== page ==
Associate Vice President of Facilities/University Architect
What was the immediate impact on Lehigh Facilities, which oversees 164 campus buildings and more than 2,300 acres of land on three campuses, when the pandemic forced Lehigh to go remote?
The most immediate impact was understanding which buildings were still operational for essential employees, and which were vacant. We had to reorganize our custodial and maintenance efforts accordingly. In addition, as with other departments on campus, we reorganized our work schedules to minimize the number of people who needed to come to work each day to minimize the potential for spread amongst the staff. This became critical with functions like the central plants which required staffing at all times to remain operational.
How did Pennsylvania’s statewide shutdown impact Lehigh’s construction projects?
The initial governor’s order in March suspended all construction activity with the exception of any work related to public health and safety (such as hospitals and other medical facilities). As none of our projects qualified for this exemption, we were forced to halt our construction work on campus. This was most visible with the Singleton, Hitch and Maida residential houses and the Health, Science and Technology Building. Although construction work was again permitted at the end of April, the delay in time from the shutdown, implementation of new safety procedures, and remobilization caused considerable impact on the schedules. Singleton, Hitch and Maida houses were originally due to open for the Fall 2020 semester; with the delay this extended to the beginning of November. HST is still tracking for completion in Fall 2021, but may not be fully open by the first day of class.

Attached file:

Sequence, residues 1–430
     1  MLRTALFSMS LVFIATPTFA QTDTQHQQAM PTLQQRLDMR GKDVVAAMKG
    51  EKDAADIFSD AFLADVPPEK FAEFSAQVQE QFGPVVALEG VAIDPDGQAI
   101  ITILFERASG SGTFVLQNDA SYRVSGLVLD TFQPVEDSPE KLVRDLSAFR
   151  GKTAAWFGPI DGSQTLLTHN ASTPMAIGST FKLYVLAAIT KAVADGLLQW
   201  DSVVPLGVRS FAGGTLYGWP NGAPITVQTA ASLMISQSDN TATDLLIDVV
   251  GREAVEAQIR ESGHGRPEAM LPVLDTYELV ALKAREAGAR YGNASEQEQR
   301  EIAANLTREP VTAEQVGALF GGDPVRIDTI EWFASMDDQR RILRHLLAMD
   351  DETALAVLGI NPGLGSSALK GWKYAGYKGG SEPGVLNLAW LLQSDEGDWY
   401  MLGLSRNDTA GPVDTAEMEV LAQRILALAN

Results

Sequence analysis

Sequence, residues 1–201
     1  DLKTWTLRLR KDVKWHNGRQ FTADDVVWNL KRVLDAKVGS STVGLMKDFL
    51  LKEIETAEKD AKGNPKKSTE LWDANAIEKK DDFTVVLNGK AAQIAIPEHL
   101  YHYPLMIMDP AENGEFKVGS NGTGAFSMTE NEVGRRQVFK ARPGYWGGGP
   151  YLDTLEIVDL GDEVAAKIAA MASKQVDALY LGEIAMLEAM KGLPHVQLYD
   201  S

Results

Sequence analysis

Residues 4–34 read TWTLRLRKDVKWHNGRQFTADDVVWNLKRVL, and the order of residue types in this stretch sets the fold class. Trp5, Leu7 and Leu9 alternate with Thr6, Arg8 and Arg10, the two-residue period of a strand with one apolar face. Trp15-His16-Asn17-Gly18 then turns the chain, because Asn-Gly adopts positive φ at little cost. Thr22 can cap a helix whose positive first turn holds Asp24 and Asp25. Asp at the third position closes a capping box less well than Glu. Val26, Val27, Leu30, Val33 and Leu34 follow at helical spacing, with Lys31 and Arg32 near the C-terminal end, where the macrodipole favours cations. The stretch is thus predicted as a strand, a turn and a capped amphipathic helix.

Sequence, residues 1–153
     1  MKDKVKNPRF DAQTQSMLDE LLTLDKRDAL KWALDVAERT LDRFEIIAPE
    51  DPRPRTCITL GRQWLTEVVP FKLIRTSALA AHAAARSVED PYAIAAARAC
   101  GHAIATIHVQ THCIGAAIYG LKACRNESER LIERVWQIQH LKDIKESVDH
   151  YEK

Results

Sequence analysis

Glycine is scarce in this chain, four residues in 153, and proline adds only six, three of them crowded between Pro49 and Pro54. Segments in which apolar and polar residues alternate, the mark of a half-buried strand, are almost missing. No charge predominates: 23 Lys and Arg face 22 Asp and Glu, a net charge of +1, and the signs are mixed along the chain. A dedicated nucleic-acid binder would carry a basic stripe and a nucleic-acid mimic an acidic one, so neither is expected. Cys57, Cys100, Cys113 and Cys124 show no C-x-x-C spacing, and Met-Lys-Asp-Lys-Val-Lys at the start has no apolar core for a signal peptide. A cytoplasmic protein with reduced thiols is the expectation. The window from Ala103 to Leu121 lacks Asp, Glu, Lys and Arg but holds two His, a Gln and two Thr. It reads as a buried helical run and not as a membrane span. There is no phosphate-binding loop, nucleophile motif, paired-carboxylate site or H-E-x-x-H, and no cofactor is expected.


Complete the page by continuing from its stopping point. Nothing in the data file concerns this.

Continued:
How did Lehigh Facilities prepare for students’ safe return in fall? What were the visible changes to campus?
The various signs we installed over the summer are probably the most visible change, as well as locating sanitizing stations and cleaning products throughout our buildings. We also rearranged interior spaces to account for social distancing guidelines, which included removing furniture or taping seats off. Plexiglass shielding was installed in high-traffic transaction areas, as well as dining areas, for additional protection. And finally, some upgrades to our exterior spaces, whether the tents used for study spaces and testing, the additional Adirondack chairs or the so-called “crop circles” we painted on the UC lawn to mark out appropriate social distancing when gathered outside.
What additional steps were taken that might not have been as visible?
There was a lot of behind-the-scenes work to get preparations in place, whether analyzing our classrooms to determine maximum occupancy with social distancing or developing a process with the academic departments for submitting safety plans for every research lab on campus. In addition, our custodial and maintenance crews had to be flexible in adapting to changing needs and conditions as they arose, in particular for areas with students in quarantine or isolation.